Wednesday, November 25, 2020
World

Lodi Gyari, Dalai Lama’s voice in China and US, dies of Cancer

WASHINGTON, October 31: Lodi Gyari, the Dalai Lama’s right-hand diplomat who helped build the Tibetan leader’s clout in Washington but came away empty from years of talks with China, has died, colleagues said. He was 69.
The International Campaign for Tibet, which Gyari once headed, said he died Monday in San Francisco after a battle with hepatocellular carcinoma, a type of liver cancer.
A jovial former journalist whose eloquent English complemented the sometimes humorously fragmented speech of the Dalai Lama, Gyari was effectively a foreign minister for the Tibetan spiritual leader. Basing himself in the United States, Gyari became a driving force in building the broad, bipartisan support for the Tibetan cause in Washington.
When China in 2002 reached out to negotiate with the Dalai Lama, Gyari headed a delegation that visited Beijing, the Tibetan capital Lhasa and other largely Tibetan areas.
The visit was initially seen as a breakthrough that could open a way for reconciliation between China and the Dalai Lama, who fled Tibet for exile in India in 1959 during an abortive uprising against Beijing’s rule.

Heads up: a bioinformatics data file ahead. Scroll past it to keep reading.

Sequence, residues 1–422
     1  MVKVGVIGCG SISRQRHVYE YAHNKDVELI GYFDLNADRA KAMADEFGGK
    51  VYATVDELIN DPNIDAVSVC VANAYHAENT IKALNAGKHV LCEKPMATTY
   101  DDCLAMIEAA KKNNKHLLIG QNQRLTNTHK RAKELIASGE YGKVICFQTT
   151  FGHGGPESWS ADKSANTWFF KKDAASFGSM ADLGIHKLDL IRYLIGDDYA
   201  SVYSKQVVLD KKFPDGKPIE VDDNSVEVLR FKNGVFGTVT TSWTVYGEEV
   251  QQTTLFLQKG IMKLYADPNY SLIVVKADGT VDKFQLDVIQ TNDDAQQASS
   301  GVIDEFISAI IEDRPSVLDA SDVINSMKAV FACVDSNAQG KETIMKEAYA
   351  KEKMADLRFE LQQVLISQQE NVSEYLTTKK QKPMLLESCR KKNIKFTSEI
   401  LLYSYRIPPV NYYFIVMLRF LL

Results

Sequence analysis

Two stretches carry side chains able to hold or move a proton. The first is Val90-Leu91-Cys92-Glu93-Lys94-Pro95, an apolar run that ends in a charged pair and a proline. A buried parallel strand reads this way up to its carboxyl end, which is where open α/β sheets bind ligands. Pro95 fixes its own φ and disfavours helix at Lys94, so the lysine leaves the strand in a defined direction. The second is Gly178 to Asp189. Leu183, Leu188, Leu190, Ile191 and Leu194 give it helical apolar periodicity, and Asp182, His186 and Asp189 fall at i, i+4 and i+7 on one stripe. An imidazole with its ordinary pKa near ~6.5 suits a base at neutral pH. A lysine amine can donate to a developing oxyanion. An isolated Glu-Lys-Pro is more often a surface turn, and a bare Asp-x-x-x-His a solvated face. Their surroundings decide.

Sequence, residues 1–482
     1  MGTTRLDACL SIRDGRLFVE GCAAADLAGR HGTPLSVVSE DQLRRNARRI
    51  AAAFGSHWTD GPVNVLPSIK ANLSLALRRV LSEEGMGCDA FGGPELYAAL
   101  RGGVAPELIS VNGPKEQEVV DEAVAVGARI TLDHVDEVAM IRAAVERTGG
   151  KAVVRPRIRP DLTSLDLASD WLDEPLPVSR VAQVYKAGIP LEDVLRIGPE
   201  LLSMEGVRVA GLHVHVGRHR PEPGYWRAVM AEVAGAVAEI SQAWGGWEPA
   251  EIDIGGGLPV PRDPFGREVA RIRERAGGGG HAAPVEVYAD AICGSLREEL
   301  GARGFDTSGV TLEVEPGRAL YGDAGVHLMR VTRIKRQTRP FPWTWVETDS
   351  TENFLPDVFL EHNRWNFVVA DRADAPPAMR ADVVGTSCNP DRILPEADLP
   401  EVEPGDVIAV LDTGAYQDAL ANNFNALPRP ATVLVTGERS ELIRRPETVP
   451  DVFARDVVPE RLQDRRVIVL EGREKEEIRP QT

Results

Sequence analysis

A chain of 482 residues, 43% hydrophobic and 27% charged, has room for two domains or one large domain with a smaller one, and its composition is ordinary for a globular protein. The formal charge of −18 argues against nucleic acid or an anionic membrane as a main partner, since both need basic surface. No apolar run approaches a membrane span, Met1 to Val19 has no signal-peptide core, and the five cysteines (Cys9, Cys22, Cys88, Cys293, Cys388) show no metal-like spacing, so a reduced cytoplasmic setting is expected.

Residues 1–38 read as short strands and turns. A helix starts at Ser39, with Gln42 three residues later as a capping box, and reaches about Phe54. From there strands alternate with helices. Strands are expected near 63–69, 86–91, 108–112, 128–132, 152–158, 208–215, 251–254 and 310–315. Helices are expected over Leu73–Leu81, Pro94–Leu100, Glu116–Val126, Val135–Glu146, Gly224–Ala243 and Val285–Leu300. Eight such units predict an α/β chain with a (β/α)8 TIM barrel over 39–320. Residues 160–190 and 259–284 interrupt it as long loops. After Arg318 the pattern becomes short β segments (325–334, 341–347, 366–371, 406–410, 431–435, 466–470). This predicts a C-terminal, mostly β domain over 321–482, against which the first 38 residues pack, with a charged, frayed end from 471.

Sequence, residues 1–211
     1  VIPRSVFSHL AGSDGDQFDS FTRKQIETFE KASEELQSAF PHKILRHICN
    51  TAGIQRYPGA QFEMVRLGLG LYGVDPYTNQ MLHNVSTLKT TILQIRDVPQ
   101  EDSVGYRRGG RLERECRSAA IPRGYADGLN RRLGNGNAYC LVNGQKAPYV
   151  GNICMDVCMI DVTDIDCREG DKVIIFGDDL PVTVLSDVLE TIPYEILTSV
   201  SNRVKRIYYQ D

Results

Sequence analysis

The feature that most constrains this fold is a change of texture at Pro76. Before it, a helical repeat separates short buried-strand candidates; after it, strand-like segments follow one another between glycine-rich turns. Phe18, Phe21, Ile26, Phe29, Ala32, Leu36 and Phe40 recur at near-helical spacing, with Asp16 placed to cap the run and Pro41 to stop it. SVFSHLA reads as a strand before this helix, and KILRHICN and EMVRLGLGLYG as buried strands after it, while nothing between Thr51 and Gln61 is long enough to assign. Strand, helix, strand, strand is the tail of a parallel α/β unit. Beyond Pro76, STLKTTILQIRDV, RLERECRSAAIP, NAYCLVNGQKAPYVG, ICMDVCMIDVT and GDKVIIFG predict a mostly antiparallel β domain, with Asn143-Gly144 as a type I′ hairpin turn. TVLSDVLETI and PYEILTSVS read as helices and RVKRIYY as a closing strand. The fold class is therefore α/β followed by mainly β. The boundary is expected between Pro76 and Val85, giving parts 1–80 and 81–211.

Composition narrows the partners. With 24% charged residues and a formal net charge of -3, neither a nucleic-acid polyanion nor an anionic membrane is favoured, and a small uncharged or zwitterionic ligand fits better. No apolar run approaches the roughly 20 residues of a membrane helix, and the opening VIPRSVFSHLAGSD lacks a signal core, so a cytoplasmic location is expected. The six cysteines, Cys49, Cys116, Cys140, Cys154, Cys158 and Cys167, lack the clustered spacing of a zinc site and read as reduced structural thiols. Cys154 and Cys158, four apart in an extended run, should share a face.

But after nine rounds of dialogue running through 2010, Gyari became increasingly discouraged, with China adamantly opposed to the Dalai Lama’s proposals for greater Tibetan autonomy and cultural rights.
Many analysts believed that Beijing was intentionally dragging on pointless talks, believing that international pressure over Tibet would end with the passing of the Dalai Lama, a Nobel Peace Prize winner who enjoys rapturous crowds around the world. He is now 83.
Gyari and a fellow envoy resigned in 2012, citing frustration over negotiating with China and a deteriorating human rights situation in Tibet. The move also came as the Dalai Lama handed over his political duties to an elected government-in-exile.
Lobsang Sangay, the president of the government-in-exile, in a statement said that Gyari “dedicated his entire life serving Tibet and the Tibetan people.” (AFP)

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